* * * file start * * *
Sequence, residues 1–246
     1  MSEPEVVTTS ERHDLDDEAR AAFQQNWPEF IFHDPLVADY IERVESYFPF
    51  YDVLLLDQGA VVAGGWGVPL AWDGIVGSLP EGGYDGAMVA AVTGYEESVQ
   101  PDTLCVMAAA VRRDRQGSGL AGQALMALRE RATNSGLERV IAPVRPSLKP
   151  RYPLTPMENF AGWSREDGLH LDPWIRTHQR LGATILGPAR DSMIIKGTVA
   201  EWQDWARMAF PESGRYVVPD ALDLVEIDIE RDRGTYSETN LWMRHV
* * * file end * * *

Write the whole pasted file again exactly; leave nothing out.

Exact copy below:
Sequence, residues 1–246
     1  MSEPEVVTTS ERHDLDDEAR AAFQQNWPEF IFHDPLVADY IERVESYFPF
    51  YDVLLLDQGA VVAGGWGVPL AWDGIVGSLP EGGYDGAMVA AVTGYEESVQ
   101  PDTLCVMAAA VRRDRQGSGL AGQALMALRE RATNSGLERV IAPVRPSLKP
   151  RYPLTPMENF AGWSREDGLH LDPWIRTHQR LGATILGPAR DSMIIKGTVA
   201  EWQDWARMAF PESGRYVVPD ALDLVEIDIE RDRGTYSETN LWMRHV